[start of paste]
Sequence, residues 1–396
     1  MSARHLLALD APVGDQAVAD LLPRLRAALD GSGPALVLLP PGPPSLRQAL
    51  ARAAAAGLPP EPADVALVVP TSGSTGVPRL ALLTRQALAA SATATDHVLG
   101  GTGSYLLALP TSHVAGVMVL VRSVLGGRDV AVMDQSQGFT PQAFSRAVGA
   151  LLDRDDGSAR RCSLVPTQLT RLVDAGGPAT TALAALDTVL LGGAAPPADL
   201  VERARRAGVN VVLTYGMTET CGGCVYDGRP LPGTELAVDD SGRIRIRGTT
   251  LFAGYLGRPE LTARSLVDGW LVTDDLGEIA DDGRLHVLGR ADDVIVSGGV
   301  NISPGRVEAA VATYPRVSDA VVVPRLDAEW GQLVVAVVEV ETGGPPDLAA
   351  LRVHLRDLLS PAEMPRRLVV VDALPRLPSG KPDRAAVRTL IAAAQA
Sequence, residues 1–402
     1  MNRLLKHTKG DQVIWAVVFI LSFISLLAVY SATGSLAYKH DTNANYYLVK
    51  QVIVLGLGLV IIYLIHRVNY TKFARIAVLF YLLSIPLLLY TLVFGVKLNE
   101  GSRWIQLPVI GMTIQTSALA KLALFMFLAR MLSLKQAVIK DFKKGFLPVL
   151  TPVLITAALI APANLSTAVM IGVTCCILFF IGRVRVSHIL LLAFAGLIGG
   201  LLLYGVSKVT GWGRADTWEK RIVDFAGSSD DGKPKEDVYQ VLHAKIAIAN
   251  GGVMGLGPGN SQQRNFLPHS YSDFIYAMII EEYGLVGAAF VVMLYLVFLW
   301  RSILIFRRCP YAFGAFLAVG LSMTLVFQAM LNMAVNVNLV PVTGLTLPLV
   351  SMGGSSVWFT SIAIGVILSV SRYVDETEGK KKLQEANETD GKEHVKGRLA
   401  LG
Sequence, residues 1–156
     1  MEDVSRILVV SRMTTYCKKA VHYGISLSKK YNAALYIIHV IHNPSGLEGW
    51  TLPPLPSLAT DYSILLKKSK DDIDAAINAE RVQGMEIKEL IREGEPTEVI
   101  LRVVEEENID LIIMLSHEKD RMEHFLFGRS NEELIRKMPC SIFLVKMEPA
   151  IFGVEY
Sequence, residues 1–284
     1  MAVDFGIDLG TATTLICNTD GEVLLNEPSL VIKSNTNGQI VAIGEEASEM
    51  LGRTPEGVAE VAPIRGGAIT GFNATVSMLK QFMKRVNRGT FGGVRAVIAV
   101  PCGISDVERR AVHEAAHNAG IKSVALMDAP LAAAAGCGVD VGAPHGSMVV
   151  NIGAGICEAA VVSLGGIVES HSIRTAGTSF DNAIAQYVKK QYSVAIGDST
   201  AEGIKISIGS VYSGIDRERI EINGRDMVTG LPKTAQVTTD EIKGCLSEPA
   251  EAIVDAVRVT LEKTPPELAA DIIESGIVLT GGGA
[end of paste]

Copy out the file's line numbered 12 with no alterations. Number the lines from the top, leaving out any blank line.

    51  QVIVLGLGLV IIYLIHRVNY TKFARIAVLF YLLSIPLLLY TLVFGVKLNE